In this comparative study of the religion-state relationship in Turkey and Israel in the modern era, Bounded Integration reveals the influence this dynamic interaction has had on democratic performance in both countries. In societies where a dominant religion serves as an important component of individual and collective identity, the imposition of secular policies from above may not facilitate democratization but may rather impede the embedding of democracy in society. Moreover, the inclusion or exclusion of religion following statehood may facilitate a certain type of path-dependent political culture, one with long-term political consequences. Aviad Rubin’s refreshing analytical approach comparing and contrasting the region’s only two longstanding democratic entities and the dynamics of religion and the state in two different religions, Islam and Judaism, facilitates generalizable lessons for emergent political regimes in the post–Arab Spring Middle East.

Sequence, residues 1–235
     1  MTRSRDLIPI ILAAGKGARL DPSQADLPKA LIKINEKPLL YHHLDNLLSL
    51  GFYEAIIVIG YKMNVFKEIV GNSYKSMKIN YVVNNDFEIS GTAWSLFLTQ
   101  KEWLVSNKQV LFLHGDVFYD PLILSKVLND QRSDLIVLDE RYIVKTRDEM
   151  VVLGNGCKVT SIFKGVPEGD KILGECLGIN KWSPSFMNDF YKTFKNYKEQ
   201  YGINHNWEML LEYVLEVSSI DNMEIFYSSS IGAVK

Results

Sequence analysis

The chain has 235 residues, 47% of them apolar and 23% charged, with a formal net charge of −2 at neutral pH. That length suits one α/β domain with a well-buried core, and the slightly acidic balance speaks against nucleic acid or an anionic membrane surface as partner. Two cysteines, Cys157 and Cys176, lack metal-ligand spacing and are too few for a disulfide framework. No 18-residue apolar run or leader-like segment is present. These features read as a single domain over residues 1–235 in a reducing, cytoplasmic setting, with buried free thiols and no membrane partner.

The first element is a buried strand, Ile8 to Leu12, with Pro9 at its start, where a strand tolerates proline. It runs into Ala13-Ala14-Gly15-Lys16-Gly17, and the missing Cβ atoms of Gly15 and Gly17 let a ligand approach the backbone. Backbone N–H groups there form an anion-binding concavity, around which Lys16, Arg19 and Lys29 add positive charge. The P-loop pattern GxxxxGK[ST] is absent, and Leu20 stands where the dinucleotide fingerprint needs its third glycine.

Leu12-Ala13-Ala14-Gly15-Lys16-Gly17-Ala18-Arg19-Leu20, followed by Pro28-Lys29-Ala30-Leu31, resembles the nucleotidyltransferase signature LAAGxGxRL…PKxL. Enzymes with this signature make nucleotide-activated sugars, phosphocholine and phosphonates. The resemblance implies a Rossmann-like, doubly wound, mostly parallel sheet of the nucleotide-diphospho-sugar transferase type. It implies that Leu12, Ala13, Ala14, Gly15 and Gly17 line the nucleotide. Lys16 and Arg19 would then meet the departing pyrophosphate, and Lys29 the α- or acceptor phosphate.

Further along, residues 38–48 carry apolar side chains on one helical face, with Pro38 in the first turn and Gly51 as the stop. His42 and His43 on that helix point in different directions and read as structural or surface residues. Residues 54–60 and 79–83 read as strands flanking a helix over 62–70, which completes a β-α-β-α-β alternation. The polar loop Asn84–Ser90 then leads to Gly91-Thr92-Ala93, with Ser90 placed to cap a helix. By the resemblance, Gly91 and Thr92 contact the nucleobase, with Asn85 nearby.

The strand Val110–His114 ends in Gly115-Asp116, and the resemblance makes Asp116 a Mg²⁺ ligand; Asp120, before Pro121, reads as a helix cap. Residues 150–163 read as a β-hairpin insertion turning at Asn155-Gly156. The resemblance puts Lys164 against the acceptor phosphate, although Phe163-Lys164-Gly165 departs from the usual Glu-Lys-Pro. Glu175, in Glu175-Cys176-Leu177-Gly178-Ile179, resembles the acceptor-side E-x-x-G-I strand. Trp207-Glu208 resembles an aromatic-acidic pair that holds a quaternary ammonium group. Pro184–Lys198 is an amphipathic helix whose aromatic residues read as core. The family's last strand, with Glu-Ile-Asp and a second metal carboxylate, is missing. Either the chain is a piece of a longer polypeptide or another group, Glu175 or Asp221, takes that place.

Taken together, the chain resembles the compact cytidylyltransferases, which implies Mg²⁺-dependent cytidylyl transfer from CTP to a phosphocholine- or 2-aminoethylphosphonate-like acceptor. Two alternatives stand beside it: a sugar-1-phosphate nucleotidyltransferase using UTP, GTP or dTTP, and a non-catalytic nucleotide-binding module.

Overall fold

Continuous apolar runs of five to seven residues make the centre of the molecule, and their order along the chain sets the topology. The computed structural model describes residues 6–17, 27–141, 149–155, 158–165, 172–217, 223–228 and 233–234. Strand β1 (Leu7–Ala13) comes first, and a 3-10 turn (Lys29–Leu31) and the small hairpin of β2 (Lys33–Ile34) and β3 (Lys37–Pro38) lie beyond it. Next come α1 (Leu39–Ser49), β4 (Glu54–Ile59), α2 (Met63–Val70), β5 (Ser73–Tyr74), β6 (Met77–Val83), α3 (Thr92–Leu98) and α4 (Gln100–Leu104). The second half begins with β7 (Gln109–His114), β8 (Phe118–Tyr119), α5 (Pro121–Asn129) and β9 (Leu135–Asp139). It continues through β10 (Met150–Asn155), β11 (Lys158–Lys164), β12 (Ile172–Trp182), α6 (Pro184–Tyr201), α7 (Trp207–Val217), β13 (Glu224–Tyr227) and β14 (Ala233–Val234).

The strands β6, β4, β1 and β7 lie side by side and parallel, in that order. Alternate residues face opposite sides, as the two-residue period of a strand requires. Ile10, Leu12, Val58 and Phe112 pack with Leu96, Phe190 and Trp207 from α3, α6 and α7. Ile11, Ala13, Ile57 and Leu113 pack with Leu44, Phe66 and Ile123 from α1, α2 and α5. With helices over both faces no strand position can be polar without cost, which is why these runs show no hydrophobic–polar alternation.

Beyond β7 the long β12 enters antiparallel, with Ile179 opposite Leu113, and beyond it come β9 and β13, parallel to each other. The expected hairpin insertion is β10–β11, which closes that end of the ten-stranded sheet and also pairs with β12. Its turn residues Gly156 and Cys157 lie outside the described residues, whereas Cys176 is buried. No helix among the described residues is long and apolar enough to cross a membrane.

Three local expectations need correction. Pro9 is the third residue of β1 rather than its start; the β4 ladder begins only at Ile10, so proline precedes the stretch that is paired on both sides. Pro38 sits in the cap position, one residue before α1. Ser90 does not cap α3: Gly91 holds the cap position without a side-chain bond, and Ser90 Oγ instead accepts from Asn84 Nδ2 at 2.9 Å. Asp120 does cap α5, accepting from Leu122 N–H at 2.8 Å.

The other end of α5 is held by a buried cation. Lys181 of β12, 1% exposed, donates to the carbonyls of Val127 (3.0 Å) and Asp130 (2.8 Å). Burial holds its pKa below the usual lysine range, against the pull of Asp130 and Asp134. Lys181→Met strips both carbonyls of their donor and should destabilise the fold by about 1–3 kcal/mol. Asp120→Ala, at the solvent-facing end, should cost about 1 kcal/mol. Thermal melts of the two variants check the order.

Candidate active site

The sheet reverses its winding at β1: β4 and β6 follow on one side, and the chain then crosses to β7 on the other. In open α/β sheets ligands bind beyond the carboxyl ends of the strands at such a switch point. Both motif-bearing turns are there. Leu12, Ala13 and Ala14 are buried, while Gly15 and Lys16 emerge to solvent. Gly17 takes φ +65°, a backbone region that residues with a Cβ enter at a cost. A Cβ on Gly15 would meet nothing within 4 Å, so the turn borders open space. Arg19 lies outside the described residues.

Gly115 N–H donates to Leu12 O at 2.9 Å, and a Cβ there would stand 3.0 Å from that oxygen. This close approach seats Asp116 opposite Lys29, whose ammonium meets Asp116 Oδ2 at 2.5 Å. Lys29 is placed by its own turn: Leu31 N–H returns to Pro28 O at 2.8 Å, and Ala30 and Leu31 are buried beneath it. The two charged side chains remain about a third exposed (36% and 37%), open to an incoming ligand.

|Name||SUNY series in Comparative Politics|
|Publisher||State University of New York Press|